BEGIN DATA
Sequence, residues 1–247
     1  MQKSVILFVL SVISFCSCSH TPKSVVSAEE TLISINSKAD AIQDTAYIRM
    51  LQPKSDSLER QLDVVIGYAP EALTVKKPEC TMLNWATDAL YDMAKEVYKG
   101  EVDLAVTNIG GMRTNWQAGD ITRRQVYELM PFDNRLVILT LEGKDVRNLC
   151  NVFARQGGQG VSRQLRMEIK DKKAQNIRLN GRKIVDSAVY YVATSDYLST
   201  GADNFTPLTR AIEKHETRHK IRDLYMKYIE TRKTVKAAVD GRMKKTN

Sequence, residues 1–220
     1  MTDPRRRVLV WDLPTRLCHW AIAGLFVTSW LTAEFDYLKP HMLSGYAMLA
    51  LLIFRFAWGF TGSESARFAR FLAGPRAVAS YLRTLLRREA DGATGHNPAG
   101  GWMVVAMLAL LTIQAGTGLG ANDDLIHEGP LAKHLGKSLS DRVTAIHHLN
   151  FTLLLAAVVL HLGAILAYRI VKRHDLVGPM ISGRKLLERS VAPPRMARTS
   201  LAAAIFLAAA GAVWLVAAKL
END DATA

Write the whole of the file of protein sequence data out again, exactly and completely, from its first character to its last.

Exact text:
Sequence, residues 1–247
     1  MQKSVILFVL SVISFCSCSH TPKSVVSAEE TLISINSKAD AIQDTAYIRM
    51  LQPKSDSLER QLDVVIGYAP EALTVKKPEC TMLNWATDAL YDMAKEVYKG
   101  EVDLAVTNIG GMRTNWQAGD ITRRQVYELM PFDNRLVILT LEGKDVRNLC
   151  NVFARQGGQG VSRQLRMEIK DKKAQNIRLN GRKIVDSAVY YVATSDYLST
   201  GADNFTPLTR AIEKHETRHK IRDLYMKYIE TRKTVKAAVD GRMKKTN

Sequence, residues 1–220
     1  MTDPRRRVLV WDLPTRLCHW AIAGLFVTSW LTAEFDYLKP HMLSGYAMLA
    51  LLIFRFAWGF TGSESARFAR FLAGPRAVAS YLRTLLRREA DGATGHNPAG
   101  GWMVVAMLAL LTIQAGTGLG ANDDLIHEGP LAKHLGKSLS DRVTAIHHLN
   151  FTLLLAAVVL HLGAILAYRI VKRHDLVGPM ISGRKLLERS VAPPRMARTS
   201  LAAAIFLAAA GAVWLVAAKL